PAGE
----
Jesus Himself proclaimed that the kingdom was at hand. This proclamation involved an awakening cry of sensational and universal significance. He was referring to Himself as the King being at hand—being present. He was already present in his person, He is the King. For one to follow Him he had to make Him his King and follow His rules.
Not every one that saith unto me, Lord, Lord, shall enter into the kingdom of Heaven; but he that doeth the will of my Father which is in Heaven (Matt. 7:21) takes on a whole new meaning. It is not Heaven that they won’t be entering. It is His kingdom now, of peace, following His ways (Wilson 1989). Blessed are the poor in spirit: for theirs is the kingdom of Heaven also takes on a new meaning.
Reread the following verses with this new light. It may change your opinion of these teachings: Mark 4:30-32; Matt. 13:33; 18:3; Luke 13:20-21, Matt. 12:28; Luke 11:20; Luke 17:20-21. Jesus did not come right out and say, “I am the Messiah.” In Hebrew there are far more powerful ways of making that claim (Bivin, Blizzard 1995).
Seeking first the kingdom of God is making Jesus Lord of your life today!
Studying Our Hebrew Roots
Several fascinating books are available explaining Hebrew thought. Yeshua: A Guide to Jesus and the Original Church by Ron Mosley explains misunderstood idioms in Jesus’ teaching such as binding and loosing, the parable of the reed and oak, the golden vine, the good eye, and many more. Understanding the Difficult Words of Jesus, by David Bivin and Roy Blizzard, explains that a proper Hebraic understanding of the words of Jesus would stop most theological controversies!
Our Father Abraham: Jewish Roots of the Christian Faith by Dr. Marvin Wilson is an in-depth, detailed look at the Hebraic thought patterns, as well as a study of Hebrew culture, worship, law and every aspect of family life. Here Dr. Wilson explains the contour of Hebrew thought:
Modern man in the Western world thinks he has an image to defend. He is supposed to be macho and keep his cool. He is expected to be made of steel, always in control. He does not allow himself to become vulnerable by revealing much of his emotions. It is usually considered unmanly for him to cry. Yet Jesus, the exemplary man, wept (Luke 19:41; John 11:35).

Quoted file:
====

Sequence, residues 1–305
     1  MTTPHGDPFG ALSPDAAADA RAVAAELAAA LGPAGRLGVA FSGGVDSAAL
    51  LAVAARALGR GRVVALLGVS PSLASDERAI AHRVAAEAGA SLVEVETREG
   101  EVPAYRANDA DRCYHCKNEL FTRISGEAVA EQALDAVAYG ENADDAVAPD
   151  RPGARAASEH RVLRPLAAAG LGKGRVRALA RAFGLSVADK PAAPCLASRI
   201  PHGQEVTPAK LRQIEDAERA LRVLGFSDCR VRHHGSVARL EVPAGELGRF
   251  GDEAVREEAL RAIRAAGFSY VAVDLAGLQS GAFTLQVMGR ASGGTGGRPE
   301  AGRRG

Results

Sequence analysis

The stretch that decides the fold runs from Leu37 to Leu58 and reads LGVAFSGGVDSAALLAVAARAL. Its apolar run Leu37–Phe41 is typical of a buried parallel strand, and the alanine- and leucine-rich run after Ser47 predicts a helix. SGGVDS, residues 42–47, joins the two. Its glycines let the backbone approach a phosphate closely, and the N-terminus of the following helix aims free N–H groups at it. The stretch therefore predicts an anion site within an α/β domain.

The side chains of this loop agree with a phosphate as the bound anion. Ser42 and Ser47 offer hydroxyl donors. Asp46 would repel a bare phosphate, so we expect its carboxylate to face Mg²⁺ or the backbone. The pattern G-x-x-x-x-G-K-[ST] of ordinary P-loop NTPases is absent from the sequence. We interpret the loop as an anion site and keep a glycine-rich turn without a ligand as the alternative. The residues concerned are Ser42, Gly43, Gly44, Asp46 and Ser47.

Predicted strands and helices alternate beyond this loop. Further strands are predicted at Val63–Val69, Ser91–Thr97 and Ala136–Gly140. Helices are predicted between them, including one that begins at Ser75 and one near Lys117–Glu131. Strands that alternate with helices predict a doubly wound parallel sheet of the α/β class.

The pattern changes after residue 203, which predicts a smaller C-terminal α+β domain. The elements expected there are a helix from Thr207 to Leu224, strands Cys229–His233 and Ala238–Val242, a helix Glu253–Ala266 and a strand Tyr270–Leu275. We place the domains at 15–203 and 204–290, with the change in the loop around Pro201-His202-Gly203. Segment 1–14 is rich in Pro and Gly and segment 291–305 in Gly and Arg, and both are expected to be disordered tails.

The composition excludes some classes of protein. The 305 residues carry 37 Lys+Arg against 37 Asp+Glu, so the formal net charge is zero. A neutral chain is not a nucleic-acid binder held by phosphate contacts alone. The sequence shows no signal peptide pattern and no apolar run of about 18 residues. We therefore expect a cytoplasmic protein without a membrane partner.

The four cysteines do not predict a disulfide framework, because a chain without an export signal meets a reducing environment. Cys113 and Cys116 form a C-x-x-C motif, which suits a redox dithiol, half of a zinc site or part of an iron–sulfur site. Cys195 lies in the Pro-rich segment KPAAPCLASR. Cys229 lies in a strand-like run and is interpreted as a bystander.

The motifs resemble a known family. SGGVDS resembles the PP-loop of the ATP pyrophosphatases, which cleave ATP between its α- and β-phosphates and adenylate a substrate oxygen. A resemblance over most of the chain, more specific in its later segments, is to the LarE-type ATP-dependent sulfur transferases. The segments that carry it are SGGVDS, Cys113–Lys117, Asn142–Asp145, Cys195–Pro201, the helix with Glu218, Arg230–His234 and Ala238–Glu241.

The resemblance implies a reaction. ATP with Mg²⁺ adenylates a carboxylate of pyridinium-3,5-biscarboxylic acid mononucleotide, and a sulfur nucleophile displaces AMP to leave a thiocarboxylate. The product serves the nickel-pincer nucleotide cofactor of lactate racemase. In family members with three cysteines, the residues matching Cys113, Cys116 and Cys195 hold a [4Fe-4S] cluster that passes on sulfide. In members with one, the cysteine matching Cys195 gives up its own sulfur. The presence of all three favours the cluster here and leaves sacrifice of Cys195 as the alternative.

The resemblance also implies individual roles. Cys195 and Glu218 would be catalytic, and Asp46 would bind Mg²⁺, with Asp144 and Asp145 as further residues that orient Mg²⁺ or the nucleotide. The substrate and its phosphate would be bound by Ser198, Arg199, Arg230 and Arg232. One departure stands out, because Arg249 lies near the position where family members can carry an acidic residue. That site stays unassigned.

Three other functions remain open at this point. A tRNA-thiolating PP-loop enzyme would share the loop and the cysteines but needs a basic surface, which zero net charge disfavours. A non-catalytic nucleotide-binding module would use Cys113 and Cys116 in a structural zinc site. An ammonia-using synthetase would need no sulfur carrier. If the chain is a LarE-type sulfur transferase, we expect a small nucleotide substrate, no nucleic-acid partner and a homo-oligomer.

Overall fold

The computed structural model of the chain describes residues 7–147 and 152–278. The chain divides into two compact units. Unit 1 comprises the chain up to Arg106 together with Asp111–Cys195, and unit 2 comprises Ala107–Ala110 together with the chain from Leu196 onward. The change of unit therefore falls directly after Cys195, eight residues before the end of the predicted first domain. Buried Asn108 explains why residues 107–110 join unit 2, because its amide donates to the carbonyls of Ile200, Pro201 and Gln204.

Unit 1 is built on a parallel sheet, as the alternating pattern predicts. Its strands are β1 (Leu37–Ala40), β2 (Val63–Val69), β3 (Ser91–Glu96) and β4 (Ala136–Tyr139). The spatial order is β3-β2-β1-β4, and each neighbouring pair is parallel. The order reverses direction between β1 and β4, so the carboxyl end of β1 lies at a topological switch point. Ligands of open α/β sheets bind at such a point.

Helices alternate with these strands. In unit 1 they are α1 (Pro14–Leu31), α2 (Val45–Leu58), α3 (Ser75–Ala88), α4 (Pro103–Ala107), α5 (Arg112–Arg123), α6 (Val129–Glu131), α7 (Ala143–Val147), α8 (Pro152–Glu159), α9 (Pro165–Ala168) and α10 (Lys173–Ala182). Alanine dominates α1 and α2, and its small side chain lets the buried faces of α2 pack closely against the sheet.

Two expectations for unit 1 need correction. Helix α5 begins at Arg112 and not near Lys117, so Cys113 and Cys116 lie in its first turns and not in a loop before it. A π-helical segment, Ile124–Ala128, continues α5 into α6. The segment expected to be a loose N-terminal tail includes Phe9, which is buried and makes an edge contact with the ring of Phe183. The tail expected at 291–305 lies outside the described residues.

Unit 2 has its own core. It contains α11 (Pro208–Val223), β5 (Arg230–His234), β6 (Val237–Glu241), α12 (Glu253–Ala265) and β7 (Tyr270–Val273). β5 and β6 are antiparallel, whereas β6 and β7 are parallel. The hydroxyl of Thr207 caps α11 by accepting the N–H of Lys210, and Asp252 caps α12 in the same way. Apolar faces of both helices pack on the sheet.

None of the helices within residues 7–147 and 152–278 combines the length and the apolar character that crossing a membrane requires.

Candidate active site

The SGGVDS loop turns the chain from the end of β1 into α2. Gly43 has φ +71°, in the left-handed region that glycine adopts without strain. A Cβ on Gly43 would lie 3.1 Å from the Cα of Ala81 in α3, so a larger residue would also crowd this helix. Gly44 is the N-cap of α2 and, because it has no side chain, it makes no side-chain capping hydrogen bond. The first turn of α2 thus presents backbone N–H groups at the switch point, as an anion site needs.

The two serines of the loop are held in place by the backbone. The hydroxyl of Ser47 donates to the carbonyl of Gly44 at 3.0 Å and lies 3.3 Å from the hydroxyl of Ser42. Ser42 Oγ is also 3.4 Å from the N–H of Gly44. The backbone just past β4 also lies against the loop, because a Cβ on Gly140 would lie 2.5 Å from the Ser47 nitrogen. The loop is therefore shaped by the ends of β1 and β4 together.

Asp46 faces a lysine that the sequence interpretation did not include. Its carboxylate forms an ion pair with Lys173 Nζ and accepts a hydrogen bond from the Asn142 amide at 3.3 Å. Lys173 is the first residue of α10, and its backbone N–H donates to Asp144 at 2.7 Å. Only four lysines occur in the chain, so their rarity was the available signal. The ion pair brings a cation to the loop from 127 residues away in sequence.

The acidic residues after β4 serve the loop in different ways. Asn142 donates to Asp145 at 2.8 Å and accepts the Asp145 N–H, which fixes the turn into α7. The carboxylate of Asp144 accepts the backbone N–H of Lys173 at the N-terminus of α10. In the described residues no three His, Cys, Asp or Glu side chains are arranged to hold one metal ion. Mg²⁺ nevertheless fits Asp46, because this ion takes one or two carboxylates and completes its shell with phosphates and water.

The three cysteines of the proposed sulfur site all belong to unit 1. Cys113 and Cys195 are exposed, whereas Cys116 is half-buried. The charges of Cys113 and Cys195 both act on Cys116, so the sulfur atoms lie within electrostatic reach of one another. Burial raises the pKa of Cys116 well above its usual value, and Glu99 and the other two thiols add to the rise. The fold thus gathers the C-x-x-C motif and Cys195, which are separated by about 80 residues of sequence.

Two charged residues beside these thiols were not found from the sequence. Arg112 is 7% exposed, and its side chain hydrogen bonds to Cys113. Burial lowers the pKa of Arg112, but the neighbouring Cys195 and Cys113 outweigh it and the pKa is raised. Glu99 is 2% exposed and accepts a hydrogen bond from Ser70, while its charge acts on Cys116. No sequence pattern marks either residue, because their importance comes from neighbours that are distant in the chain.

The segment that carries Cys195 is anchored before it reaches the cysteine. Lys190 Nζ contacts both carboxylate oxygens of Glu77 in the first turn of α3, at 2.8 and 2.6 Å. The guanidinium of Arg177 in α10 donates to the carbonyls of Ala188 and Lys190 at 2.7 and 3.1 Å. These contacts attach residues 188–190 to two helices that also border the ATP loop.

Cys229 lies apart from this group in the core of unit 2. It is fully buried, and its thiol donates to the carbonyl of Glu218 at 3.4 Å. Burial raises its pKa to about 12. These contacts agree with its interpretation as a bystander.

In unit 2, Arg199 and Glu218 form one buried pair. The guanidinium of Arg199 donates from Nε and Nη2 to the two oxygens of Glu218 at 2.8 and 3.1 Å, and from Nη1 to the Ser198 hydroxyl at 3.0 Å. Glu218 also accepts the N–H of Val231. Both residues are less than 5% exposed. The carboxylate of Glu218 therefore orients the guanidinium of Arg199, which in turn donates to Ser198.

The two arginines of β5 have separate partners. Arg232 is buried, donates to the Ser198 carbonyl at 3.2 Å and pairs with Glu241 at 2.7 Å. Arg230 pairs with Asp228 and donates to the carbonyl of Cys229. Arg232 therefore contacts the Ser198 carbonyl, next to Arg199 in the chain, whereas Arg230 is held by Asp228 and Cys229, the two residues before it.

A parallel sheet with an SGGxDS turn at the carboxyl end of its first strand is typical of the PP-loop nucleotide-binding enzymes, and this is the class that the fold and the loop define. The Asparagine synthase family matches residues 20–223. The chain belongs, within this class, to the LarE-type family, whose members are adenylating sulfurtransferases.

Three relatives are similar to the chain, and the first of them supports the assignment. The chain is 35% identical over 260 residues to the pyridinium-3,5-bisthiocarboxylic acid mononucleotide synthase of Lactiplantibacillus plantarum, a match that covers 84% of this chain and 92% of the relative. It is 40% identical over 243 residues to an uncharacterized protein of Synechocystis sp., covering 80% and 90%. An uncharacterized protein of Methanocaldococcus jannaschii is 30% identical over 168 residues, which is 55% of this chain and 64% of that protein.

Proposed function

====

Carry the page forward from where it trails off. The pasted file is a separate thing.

This display of emotion was in sharp contrast to the Greco-Roman world of the Stoics, who sought to be indifferent to pleasure or pain; they were determined never to submit or to yield; they were resolved to overcome their emotions and desires. The Hebrews, however, were a very passionate people; they did not hide or suppress their emotions.
The Hebrews, both men and women, were able to affirm their full humanity. They gave vent to their feelings, for each emotion had “a time” appropriate for its expression: being angry, crying, laughing, singing, feasting, dancing, hand clapping, shouting, embracing, and loving (see Eccl. 3:1-8). A brief summary of the holidays described in the Bible reveals a decisive emphasis on the release of emotion, especially joy.
The weekly Sabbath is a time of rejoicing as God is celebrated as Creator (Isaiah 58:13-14; cf. Exod. 20:8-11). The entire annual calendar of festivals shows that the Hebrews were not afraid to release their emotions, in collective historical memory, before God and one another. The Hebrews were hardly halfhearted or reserved in their approach to life.
Digging Through The Layers
What we now consider “the church” is almost nothing like the early New Testament church. Author/speaker Richard Booker once explained this by giving the example of an archaeologist digging through layers to find out what life was like in ancient times.
To understand the early church we must dig through layers of a mountain of man’s influences, shoveling off and discarding man’s traditions, theories, interpretations, and philosophies from Greek and Roman civilizations, Constantine, Marcion (see Appendix F), Catholicism, etc., to be able to examine the early church.